The escalating battle over what to do about accountability for organ collectors—replete with personal attacks, and political maneuvering—could determine the industry’s course for decades to come. More immediately, it could also influence whether 107,000 men, women, and children currently hoping for transplants get off waiting lists, and receive organs without which they cannot survive.
All organ procurement organizations are 501(c)3 nonprofits with expenses—totaling roughly $3 billion annually—largely covered by taxpayers via Medicare. They also receive fees for being intermediaries between organ donors and patients needing transplants. Previous investigative reporting and government audits have found misspending of taxpayer dollars on private planes, retreats to 5-star hotels, and golf tournaments, among other management perks. More recently, increased funds have gone to trade associations in Washington, which hire lobbyists and public relations firms to influence executive branch decision-makers, Congress, and the public.
“All Over It”
Almost a month after sending his “Who knows Joe and/or Kamala?” email, Mone wrote another dated December 6, 2020 (also obtained by POGO), this time in response to predictions that President-elect Biden would nominate California Attorney General Xavier Becerra as Secretary of Health and Human Services. In March, Becerra became the top health official to oversee the organ collection industry, which reports directly to the Centers for Medicare & Medicaid Services.
Referring to news of Becerra’s expected nomination, Mone told a top public relations executive and a bevy of fellow organ procurement organization CEOs that he was “all over it,” and that his OneLegacy board vice chair, Art Torres, “is very close to” Becerra. Mone told the group that he had recently contacted the vice chair and would “report back after we have spoken to him.”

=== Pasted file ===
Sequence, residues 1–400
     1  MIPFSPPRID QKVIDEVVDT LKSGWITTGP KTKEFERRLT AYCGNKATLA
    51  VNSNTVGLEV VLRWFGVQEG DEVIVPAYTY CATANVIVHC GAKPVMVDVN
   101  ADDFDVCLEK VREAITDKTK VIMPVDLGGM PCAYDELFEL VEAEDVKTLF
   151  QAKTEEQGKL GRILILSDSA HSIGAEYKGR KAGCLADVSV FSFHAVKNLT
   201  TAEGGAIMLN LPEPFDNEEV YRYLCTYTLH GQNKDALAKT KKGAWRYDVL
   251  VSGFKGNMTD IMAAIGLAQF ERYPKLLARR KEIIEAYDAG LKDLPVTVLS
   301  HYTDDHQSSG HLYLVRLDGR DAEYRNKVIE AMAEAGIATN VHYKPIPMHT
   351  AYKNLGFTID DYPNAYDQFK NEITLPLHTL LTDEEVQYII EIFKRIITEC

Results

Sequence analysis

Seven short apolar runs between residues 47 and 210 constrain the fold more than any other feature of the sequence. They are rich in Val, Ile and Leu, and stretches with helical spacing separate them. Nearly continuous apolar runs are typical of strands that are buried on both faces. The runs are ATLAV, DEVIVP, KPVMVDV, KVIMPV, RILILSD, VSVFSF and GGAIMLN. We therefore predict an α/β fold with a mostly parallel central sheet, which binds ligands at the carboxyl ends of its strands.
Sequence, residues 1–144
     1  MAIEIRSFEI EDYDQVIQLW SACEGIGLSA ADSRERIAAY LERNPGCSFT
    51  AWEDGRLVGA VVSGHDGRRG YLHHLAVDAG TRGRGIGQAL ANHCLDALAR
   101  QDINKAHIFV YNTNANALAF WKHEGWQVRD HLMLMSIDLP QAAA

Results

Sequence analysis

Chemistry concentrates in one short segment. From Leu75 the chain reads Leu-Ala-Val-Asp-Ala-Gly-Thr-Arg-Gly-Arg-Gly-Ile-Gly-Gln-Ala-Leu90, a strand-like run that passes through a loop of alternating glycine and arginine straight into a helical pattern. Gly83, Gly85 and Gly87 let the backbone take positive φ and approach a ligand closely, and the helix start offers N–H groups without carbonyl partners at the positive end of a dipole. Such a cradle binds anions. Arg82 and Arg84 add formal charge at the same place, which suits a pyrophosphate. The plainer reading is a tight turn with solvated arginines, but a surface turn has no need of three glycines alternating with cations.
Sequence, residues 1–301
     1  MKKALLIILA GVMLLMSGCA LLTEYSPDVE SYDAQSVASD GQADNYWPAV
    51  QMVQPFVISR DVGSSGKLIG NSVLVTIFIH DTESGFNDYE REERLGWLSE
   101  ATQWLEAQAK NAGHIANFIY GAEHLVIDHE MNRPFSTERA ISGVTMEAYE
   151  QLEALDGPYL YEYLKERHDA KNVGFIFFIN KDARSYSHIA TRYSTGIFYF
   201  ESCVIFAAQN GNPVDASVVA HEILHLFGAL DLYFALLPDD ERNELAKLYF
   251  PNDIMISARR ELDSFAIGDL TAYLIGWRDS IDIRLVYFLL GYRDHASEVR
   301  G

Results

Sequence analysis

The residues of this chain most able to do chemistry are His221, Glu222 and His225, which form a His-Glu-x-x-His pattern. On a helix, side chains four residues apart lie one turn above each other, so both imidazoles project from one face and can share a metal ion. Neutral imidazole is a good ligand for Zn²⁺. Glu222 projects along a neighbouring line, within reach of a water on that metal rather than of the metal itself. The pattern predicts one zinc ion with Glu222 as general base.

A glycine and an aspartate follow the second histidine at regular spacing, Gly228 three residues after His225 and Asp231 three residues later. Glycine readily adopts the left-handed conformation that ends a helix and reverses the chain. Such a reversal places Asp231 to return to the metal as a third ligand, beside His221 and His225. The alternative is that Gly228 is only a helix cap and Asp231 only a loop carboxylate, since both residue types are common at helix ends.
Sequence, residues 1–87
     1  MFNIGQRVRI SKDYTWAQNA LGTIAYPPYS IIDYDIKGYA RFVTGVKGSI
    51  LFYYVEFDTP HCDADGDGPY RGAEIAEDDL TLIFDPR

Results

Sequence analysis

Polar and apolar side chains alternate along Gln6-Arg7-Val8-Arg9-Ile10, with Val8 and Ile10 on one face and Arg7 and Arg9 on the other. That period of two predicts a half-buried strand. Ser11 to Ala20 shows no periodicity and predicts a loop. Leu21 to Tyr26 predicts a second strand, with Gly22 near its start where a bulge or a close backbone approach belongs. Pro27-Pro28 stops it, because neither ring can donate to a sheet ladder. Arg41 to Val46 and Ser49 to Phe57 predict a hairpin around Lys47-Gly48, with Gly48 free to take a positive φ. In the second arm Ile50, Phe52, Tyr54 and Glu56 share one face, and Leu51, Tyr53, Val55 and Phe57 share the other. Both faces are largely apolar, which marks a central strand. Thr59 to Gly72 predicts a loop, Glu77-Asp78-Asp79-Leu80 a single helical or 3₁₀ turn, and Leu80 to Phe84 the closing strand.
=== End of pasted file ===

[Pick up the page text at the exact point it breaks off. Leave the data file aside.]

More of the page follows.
Asked about his email and what he had reported back, Mone offered a blanket denial that Torres had done anything with respect to contacting Becerra or anyone else in the Biden administration, at least not on behalf of OneLegacy. As Mone put it, “OneLegacy Vice Chair, Mr. Art Torres, has not on behalf of OneLegacy communicated with the Biden administration team following their election, nomination or confirmation.” He did not elaborate, and Torres did not respond to a request for comment.
According to tax filings from 2018, the latest available, Mone earned more than $900,000 and paid Torres $50,000 a year. A former chairman of California’s Democratic Party, Torres has known Becerra at least since hiring him as an aide to work in his California Senate office in 1986.
In a letter dated March 3, 2021, five former HHS chief technology officers, Republican and Democratic appointees alike, wrote to Becerra and another senior Biden administration official warning them not to take criticisms from organ procurement executives at face value.
“Having all worked on this issue across our tenures at HHS,” the former officials wrote, “we have all heard similar, baseless claims from OPOs, and have not found them to be grounded in science or made in good faith.” (One former HHS chief technology officer who signed the letter tweeted in 2019 that organ procurement organizations were “some of the most obstructionist stakeholders I’ve ever come across.”)